What is special about the aryl hydrocarbon receptor is that it binds directly the bacterial pigments and then triggers the expression of several genes in the cell nucleus responsible for breaking down the virulence factors. To this end, it migrates from the outside into the interior of the nucleus where it binds to DNA.
The aryl hydrocarbon receptor is therefore a receptor and a transcription factor rolled into one and hence can react promptly to infection. By contrast, other receptors of the immune system have to rely on auxiliary proteins that relay the information about pathogens into the nucleus.
As a next step, the researchers want to find out what other transcription factors the aryl hydrocarbon receptor interacts with and what specific enzymes are responsible for breaking down the bacterial virulence factors.
Prof. Dr. Dr. h. c. Stefan H.E. Kaufmann | Max-Planck-Institute
Perseus translates proteomics data
27.07.2016 | Max-Planck-Institut für Biochemie
Severity of enzyme deficiency central to favism
26.07.2016 | Universität Zürich
Transparent electronics devices are present in today’s thin film displays, solar cells, and touchscreens. The future will bring flexible versions of such devices. Their production requires printable materials that are transparent and remain highly conductive even when deformed. Researchers at INM – Leibniz Institute for New Materials have combined a new self-assembling nano ink with an imprint process to create flexible conductive grids with a resolution below one micrometer.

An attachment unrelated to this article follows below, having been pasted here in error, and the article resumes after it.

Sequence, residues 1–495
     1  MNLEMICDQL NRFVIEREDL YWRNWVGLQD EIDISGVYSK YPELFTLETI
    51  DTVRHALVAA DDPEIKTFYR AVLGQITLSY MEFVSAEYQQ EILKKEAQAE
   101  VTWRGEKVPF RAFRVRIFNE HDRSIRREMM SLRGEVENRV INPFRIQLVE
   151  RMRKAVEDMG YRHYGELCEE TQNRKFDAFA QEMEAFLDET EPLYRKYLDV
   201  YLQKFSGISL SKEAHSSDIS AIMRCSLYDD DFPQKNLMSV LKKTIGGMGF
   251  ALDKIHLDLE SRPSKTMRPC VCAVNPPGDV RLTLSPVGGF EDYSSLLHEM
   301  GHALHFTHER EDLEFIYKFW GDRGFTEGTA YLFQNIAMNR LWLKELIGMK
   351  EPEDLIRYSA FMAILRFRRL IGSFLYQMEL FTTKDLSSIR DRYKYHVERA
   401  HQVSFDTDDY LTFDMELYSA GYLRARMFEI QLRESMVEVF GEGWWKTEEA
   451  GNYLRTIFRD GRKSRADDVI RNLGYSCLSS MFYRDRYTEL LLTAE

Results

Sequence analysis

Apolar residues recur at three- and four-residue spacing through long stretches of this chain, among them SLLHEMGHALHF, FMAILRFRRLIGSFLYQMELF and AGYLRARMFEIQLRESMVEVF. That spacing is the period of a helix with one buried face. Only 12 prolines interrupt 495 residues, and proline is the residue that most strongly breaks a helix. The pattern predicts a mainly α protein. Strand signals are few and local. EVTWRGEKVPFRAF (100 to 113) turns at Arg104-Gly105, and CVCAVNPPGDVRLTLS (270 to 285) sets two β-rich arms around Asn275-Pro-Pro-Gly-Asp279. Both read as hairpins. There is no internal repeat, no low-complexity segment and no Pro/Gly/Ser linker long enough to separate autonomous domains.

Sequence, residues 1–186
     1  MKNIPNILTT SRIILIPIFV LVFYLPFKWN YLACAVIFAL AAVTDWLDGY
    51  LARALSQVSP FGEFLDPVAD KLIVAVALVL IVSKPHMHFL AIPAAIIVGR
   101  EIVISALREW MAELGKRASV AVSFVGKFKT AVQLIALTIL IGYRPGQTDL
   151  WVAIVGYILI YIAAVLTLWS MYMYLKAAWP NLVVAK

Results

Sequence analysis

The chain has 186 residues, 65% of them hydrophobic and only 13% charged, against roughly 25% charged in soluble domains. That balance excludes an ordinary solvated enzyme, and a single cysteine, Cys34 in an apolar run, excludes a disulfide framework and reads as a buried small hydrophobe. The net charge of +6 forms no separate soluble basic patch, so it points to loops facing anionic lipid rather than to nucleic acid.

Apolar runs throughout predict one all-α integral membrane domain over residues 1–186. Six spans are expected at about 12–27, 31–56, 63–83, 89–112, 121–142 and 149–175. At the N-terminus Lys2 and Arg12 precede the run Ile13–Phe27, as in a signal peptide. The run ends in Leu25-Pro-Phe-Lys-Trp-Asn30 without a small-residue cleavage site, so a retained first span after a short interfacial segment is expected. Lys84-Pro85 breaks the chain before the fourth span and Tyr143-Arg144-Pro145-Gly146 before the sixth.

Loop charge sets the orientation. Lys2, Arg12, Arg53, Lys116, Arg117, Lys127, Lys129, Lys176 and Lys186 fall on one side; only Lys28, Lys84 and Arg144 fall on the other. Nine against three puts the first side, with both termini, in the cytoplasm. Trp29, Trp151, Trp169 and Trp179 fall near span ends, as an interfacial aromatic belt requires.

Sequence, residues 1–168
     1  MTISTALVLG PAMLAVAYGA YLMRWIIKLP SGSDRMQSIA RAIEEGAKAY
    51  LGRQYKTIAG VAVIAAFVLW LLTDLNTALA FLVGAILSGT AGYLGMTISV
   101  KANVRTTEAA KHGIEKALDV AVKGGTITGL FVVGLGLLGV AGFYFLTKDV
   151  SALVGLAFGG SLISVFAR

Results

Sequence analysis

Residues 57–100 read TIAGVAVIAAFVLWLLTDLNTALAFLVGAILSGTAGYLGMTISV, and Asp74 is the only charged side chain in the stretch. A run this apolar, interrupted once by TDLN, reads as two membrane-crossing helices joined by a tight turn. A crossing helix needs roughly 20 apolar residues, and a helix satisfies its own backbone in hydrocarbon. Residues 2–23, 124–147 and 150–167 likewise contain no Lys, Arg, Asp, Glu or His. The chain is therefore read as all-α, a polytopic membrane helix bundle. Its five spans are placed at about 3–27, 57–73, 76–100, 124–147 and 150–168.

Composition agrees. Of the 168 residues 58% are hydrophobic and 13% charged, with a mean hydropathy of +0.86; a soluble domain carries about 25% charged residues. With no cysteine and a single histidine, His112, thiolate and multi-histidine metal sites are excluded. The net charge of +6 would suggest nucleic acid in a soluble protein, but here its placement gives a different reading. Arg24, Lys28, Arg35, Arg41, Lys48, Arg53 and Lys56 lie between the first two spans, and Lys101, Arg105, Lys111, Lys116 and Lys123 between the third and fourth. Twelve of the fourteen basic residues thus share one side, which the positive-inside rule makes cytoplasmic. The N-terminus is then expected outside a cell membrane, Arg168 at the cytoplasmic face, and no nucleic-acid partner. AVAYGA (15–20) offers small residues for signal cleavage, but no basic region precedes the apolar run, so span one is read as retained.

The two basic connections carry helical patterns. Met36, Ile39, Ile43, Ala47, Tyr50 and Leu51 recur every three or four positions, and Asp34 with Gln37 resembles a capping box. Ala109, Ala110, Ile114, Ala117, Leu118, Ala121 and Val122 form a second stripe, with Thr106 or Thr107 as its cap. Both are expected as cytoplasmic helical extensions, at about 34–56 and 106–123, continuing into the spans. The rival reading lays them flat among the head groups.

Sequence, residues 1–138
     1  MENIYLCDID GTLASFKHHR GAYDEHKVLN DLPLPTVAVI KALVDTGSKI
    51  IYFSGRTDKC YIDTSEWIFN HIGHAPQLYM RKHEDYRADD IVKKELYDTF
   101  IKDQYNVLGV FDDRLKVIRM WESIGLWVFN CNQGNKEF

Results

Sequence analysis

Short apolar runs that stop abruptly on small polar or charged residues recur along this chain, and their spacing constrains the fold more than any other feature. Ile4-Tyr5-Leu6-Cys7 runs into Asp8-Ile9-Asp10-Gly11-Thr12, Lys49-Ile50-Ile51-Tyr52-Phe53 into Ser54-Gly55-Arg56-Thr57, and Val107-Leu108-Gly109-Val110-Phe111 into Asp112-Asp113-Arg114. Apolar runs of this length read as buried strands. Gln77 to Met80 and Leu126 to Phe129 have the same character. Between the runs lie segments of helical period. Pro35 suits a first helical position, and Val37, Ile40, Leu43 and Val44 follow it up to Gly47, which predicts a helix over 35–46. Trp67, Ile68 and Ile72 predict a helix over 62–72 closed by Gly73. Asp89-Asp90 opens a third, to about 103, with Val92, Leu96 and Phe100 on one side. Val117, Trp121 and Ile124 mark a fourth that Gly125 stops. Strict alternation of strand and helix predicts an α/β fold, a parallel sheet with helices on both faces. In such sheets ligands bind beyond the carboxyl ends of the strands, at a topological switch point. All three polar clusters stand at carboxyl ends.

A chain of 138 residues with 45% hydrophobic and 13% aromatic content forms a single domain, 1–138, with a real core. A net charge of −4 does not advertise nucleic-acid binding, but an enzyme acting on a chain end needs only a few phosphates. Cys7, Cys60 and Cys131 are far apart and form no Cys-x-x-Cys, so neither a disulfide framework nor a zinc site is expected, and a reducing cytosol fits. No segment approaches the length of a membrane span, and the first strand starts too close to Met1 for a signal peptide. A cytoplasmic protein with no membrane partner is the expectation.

To print the grids, an ink of gold nanowires is applied to a substrate. A structured stamp is pressed on the substrate and forces the ink into a pattern. “The...
A new Fraunhofer MEVIS method conveys medical interrelationships quickly and intuitively with innovative visualization technology
On the monitor, a brain spins slowly and can be examined from every angle. Suddenly, some sections start glowing, first on the side and then the entire back of...
Researchers at the U.S. Department of Energy's (DOE) Ames Laboratory have discovered an unusual property of purple bronze that may point to new ways to achieve high temperature superconductivity.
While studying purple bronze, a molybdenum oxide, researchers discovered an unconventional charge density wave on its surface.
Munich Physicists have developed a novel electron microscope that can visualize electromagnetic fields oscillating at frequencies of billions of cycles per second.
Temporally varying electromagnetic fields are the driving force behind the whole of electronics. Their polarities can change at mind-bogglingly fast rates, and...
Breakup of continents with two speed: Continents initially stretch very slowly along the future splitting zone, but then move apart very quickly before the onset of rupture. The final speed can be up to 20 times faster than in the first, slow extension phase.phases
Present-day continents were shaped hundreds of millions of years ago as the supercontinent Pangaea broke apart. Derived from Pangaea’s main fragments Gondwana...
15.07.2016 | Event News
15.07.2016 | Event News
11.07.2016 | Event News
27.07.2016 | Earth Sciences
27.07.2016 | Materials Sciences
27.07.2016 | Earth Sciences